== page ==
SANTA MARIA, Calif. -- Research released today by the US Centers for Disease Control and Prevention (CDC) indicates booster shots provide the best protection against the Omicron variant.
Three separate studies each show the overall effectiveness of a third vaccine shot helps prevent serious infection when compared to those who have received only two shots or no shots at all.
The CDC indicated individuals were five times higher at risk to develop a serious infection as opposed to those who were fully vaccinated with a booster shot.
In Santa Barbara and San Luis Obispo counties, the number of fully vaccinated people that have received a booster shot is below 50 percent.
In fact, both counties each report identical numbers in terms of boosted individuals. The percentage of fully vaccinated people who have received a booster dose is 45 percent in both counties.
"A lot of people have gotten boosters, but there's still a lot of people that haven't," said Michelle Shoresman, with SLO County Public Health Department. 'We would really ultimately want everybody who's eligible to get a booster. Of course, some people can't for whatever reason. There are a variety of reasons why people can't get boosters, but we hope eventually who is eligible will get one."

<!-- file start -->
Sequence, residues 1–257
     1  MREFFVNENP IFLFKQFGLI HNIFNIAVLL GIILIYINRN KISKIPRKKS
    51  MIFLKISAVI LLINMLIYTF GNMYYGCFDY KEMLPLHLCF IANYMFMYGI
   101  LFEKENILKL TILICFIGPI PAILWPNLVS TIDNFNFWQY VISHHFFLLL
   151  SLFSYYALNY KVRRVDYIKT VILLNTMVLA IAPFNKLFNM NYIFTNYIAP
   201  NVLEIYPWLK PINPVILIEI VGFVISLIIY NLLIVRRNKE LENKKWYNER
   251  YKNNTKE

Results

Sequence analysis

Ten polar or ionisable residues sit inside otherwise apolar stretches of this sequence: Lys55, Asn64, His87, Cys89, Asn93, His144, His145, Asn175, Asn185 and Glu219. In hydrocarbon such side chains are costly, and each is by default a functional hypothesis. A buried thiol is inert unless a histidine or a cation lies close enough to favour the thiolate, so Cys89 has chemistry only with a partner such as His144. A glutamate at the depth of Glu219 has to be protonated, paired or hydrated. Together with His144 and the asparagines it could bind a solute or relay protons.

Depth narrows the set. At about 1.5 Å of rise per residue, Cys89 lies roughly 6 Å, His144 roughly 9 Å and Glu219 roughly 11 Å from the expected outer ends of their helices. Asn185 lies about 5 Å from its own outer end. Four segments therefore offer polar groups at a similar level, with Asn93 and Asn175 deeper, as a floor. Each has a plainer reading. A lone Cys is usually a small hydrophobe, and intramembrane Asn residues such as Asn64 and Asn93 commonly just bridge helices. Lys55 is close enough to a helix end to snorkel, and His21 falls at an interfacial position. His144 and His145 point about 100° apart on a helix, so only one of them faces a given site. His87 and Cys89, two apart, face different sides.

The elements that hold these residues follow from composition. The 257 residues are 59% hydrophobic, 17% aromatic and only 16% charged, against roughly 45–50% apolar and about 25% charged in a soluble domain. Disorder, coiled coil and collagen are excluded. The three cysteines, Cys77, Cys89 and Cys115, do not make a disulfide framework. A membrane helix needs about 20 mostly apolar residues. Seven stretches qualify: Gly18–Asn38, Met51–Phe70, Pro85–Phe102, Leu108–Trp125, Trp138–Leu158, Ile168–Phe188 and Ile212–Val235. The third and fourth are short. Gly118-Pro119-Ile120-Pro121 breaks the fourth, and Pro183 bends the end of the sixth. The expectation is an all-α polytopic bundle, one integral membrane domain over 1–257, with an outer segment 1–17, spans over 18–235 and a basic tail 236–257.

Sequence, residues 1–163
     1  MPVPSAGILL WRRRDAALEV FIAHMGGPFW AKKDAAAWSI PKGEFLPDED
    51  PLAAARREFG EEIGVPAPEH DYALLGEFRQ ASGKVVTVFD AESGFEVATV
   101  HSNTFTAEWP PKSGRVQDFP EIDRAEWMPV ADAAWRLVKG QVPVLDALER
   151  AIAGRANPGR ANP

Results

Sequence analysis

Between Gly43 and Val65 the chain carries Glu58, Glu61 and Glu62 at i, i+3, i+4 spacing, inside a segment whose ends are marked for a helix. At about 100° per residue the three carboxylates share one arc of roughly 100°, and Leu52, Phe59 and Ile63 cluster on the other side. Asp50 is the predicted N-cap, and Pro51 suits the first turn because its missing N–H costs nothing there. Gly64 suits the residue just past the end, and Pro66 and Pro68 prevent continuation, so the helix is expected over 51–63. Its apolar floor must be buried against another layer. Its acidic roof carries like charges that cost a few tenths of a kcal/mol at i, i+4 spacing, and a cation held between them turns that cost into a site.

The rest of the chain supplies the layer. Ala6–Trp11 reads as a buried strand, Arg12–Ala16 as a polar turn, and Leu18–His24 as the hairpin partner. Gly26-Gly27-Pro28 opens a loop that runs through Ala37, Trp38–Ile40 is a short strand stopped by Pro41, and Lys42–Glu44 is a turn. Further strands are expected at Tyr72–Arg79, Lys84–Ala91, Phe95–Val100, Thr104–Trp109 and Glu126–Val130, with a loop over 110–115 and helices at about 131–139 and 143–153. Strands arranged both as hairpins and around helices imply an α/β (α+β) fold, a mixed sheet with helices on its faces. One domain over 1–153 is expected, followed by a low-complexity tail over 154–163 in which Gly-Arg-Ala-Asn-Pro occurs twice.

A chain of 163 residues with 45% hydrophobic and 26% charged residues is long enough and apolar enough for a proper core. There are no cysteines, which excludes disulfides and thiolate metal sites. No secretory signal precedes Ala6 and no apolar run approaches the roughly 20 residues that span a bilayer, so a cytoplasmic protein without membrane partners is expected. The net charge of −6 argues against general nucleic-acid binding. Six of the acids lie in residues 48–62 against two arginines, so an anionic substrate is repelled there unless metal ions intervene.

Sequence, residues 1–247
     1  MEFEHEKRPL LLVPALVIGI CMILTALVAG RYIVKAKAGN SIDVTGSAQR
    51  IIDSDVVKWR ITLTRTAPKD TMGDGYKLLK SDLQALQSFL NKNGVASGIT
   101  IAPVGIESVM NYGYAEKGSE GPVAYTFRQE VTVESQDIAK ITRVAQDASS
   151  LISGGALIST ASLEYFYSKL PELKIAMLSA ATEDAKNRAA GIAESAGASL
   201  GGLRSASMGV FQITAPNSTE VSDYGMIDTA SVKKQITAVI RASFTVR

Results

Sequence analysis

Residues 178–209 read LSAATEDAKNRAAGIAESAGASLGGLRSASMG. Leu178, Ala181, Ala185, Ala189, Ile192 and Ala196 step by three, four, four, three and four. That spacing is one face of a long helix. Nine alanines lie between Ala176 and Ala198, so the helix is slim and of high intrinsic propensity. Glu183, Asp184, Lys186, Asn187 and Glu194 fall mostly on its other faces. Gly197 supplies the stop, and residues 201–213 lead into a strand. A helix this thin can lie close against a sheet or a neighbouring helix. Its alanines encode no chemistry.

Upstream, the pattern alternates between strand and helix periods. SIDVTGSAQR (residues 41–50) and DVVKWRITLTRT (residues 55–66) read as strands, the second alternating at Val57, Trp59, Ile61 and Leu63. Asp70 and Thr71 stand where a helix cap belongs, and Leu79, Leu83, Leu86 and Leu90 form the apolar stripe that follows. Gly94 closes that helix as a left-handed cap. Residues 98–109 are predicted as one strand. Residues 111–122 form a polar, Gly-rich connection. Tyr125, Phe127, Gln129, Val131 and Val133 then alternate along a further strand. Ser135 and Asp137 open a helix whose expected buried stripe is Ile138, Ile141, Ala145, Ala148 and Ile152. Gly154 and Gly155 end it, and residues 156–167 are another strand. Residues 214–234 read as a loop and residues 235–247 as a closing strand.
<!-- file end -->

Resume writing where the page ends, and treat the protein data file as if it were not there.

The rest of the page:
Shoresman added unvaccinated individuals are accounting for most of the people with severe illness from COVID-19 in the county.
"We are seeing a majority of deaths, hospitalizations and cases in people that are unvaccinated completely or have not gotten their booster within a reasonable time frame," said Shoresman. "If you are eligible and it's been more than five months since your first and second dose, definitely get that booster."
In effort to boost up booster shot numbers, Shoresman said the county is doing everything it can to reach as many people as possible.
"We have plenty of booster appointments available at our public health clinics," said Shoresman. "The booster shots are widely available at local pharmacies and we also continuing to do mobile clinics in some locations where people might have difficulty getting into a pharmacy or to one of our public health sites."